“What?” Cathy said. It didn’t seem real.

“There was an 85% chance the comet would miss us,” Greg said. “All the reporters told you that.”

“Yes, but- but they said a near miss would kill most of us and the rest would be sorry they’d survived.”

“There was a 10% chance of a near miss that would cause the earth to wobble. But there was a 75% chance the comet would pass by without affecting us at all.”

“That’s not what they said!”

“Sure they did,” Greg said. “At least, that’s what they said in the beginning. Of course a complete miss doesn’t sell newspapers.”

“It’s over? There’s no comet anymore? We’re going to live?”

“Are you disappointed?”

“No . . . .I’m just . . . it’s a lot to take in . . .I thought my life was over. Now what?”

She flipped through the channels, looking for what other people planned to do. Most of the channels had snow. She found the party to end all parties. It had ended. The camera was slightly askew but it centered on a pile of dead celebrities.

It was difficult to accept that these stars were really dead. She kept thinking the credits would start rolling and the show would be over. Tomorrow these celebrities would be on the talk shows discussing politics and the environment.

But they were really dead. Glen Meyers had dried vomit dribbling down his shirt and onto the starlet underneath him. Their eyes were open, staring blankly like dead fish. There must have been twenty of them. Who would make the movies now?

Greg looked up from the eggs and said, “Change that, please. I can’t stand to watch- oh, Jeeze, that’s Brenda Loggins. I always liked her. Please change the channel.”

She switched to the local news. Brent Davis and Angie Swank were at the desk. Brent was his phony chipper self. Angie looked like she was living a nightmare.

“If you’re just tuning in, the comet has missed us and won’t be returning for 240 years. The president will be returning to Washington this evening and the stock market will open tomorrow at 9:00 am. So I guess we dodged a bullet there, huh, Angie?” Brent chirped.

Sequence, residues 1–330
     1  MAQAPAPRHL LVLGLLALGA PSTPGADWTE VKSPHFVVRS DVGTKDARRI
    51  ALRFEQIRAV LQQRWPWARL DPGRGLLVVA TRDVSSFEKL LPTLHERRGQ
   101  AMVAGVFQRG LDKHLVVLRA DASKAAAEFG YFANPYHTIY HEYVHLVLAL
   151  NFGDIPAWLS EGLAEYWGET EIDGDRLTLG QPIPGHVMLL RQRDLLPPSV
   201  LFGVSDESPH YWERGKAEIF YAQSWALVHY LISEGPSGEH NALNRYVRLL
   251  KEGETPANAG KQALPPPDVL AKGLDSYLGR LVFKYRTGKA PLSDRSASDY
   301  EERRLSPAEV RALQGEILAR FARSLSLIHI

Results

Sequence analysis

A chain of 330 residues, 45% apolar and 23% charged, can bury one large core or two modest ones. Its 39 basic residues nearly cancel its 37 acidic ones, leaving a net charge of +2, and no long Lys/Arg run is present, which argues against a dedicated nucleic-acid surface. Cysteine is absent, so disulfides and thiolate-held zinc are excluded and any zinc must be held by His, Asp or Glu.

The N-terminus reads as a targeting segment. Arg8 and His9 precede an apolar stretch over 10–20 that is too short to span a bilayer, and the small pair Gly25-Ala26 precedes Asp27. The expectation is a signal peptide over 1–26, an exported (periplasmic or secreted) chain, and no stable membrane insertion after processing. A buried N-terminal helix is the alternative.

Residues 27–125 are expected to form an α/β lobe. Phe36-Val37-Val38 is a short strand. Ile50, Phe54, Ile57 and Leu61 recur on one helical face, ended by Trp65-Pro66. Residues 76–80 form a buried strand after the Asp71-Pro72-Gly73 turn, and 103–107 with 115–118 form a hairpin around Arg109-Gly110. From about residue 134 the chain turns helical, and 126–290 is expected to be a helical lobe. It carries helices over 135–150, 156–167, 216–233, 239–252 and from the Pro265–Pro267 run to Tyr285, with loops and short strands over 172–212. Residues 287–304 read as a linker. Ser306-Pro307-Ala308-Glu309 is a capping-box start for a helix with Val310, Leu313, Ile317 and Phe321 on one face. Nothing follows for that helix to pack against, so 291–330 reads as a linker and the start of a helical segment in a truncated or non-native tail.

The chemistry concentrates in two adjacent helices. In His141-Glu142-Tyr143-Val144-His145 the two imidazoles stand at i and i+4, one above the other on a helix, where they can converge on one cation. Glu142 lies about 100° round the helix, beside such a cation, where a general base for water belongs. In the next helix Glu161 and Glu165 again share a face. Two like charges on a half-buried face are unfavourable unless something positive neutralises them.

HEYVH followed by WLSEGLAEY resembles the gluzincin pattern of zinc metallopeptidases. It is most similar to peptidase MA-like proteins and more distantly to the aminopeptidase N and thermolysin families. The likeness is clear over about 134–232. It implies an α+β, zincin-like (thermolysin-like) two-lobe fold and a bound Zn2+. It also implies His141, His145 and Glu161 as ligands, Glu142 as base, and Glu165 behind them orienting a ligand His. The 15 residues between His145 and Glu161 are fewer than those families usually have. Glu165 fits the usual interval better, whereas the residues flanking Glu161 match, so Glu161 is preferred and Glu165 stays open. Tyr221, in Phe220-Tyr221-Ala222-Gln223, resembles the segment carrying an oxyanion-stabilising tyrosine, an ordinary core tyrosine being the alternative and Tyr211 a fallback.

“It’s possible a third of the earth’s population has committed suicide,” Angie said hollowly. “In some cases entire towns were lost. The National Guard has been called out to bury the dead.”

“And now a look at the weather,” Brent said. “Clear skies, no humidity and it seems to be a perfect day-”

“Oh, my God, Brent! The reason you have to give the weather is because Lenny killed himself last night! Along with his whole family! Can’t you show a little emotion?” Angie cried.

“It’s not my fault!” Brent yelled back at her. “That was his choice! No one made him do it!”

“We told the world the comet would hit! There was only a 15% chance it would, but the ratings went up every time we talked about destruction and chaos. So that’s what we talked about! We made it sound like a sure thing!” she sobbed.

“Shut up,” Brent said.

“No, you shut up! We talked them into suicide! All for the sake of ratings!”

“What’s going on here?” Cathy asked as the reporters tore into each other.

“It’s the nature of the beast,” Greg said. “Bad news sells more than good news. The media can be very misleading. Either because they want to for the sake of ratings or because life is just too complicated to be explained in 90 second sound bites.”

“It just doesn’t seem fair,” Cathy said. “People thought there was no hope. They thought they had no choice.”

“Maybe they should have paid more attention,” Greg said.

“How can I live with what we’ve done?” Angie wailed.

“You know what really caused this?” Brent said. “Global Warming.”

“You blame everything on Global Warming!”

“No, think about it, Angie,” Brent said. “We don’t let anybody say anything that goes against the general consensus of Global Warming. We’ve stopped questioning anything the environmentalists say. We’ve stopped thinking for ourselves.”

“So it was the audiences” fault for listening to us”“


There was a crash off camera. The sound of an angry mob grew louder and more clear. Brent looked at the camera or perhaps something beyond the camera and turned white as a ghost. Angie had a more resigned attitude.

“Apparently there are some who believe this situation is entirely our fault,” Angie said stoically. “This is Angie Swank signing off for-”

The channel turned into snow.

“This coming week will be the worst of it. That’s why I bought the gun,” Greg said. “It would be best if we stay inside until the government regains control. Until tempers cool down.”

“I think you’re right,” Cathy said. “I hope you’re right.” She patted her son’s hand affectionately. “That’s what survival is all about, isn’t it? Hope?

x x x

Adrienne we’ve missed you. We’re so glad you’re back. Your stories this year and last are tough acts to follow. Join me in welcoming Adrienne again to the anotherealm fold. Say hi on our BBS. - GM.

Back to the front page? - Click here...